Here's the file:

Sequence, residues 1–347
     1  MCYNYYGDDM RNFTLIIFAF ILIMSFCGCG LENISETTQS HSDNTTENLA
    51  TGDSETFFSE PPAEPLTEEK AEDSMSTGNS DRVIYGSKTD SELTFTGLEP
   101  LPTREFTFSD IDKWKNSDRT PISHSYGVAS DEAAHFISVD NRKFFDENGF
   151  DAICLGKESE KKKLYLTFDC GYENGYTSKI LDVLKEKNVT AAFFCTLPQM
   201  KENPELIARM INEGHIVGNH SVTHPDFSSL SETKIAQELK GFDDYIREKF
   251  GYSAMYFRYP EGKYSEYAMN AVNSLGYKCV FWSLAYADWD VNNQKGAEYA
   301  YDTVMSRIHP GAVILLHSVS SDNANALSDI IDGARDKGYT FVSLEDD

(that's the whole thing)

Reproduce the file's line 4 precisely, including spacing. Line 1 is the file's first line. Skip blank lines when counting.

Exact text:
   101  LPTREFTFSD IDKWKNSDRT PISHSYGVAS DEAAHFISVD NRKFFDENGF